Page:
Sweet sixteen and I drove my own 1955 Chevy, not a classic then but maturing, not as shiny as this; but it was all mine. I drove it to school. After school, my job was to care for my 6-year-old brother Jeffery. This was not time I was permitted to drive my car, but I wanted to take my girlfriend Linda for a ride. I transported my brother to our grandmother’s house. He was happy. Grandma was always willing to watch him. I drove to Linda’s home. I took her for a ride in my 1955 Chevrolet. The plot thickens.
A steady rain had soaked the autumn leaves strewn on a little a road called Eleanor in Toledo, Ohio. A driver in front of me with her right turn signal blinking stopped her car before making her right turn. She stopped unexpectedly to correct her children in the backseat. I put on the breaks, but I crashed into the rear end of her car slightly denting her bumper and smashing my right front fender. Alas!
Linda called her father to come and pick her up. I drove my car home and parked it far away where my mother wouldn’t see it until after I had opportunity to tell her what had happened. I was ashamed that I had disobeyed and smashed my beautiful car. The place was dark. My mom was not home. My sister was not home. My brother was still with our grandmother. I left the lights off. The awfulness of the situation seemed to hover over me like a shroud until tears began streaming down my face. What had I done?
I was sitting at the end of a hallway crunched into a little ball weeping when my mother opened the door and heard my sobs emanating from somewhere in the dark rooms. She flipped on the light.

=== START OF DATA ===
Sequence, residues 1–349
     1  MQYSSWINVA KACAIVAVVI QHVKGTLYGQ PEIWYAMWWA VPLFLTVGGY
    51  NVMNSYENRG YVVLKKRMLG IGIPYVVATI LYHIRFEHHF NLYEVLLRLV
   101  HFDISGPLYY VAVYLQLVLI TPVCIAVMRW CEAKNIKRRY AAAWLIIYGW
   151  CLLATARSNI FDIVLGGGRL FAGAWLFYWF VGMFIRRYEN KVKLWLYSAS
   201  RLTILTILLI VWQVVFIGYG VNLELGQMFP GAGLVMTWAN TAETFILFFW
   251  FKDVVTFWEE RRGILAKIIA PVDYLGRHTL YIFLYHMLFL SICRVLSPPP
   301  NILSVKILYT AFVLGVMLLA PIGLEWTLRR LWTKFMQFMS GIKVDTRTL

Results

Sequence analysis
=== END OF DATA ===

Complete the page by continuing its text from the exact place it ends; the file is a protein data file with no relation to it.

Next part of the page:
Here’s where I have to mention that I was not the only one to overreact in this situation. My mother, bless her heart, assumed when she saw me so terribly upset that something dreadful had happened. She began to weep! She kept repeating this one question:
“Where is he? Where is he? Where is he,” but I failed to answer still engulfed in my personal grief.
After the third or fourth frantic rehearsal of the question, it seeped into my consciousness and I responded: “Where is who?”
She answered back through her tears: “Jeffery! Your brother! Where is he?”
“Jeffery is at Grandma’s house,” I said.
“He isn’t dead?”
Here is the whole reason for my story. I deserved to be punished for my disobedience, but instead, I was rewarded. Why? Because my mother was happy. She was happy because my brother was alive and I was alive.
“Get up, Carol,” she said. “I’m taking you out for a hamburger. We’re going to celebrate.”
We went to the local hamburger joint to enjoy a meal. While we were waiting for our order to come, I said, “What about my car? I ruined it.”
“Money can fix your fender, but money cannot replace you or Jeffery. Don’t you know that I love you both more than money?”
Was I not blessed with a sweet mother?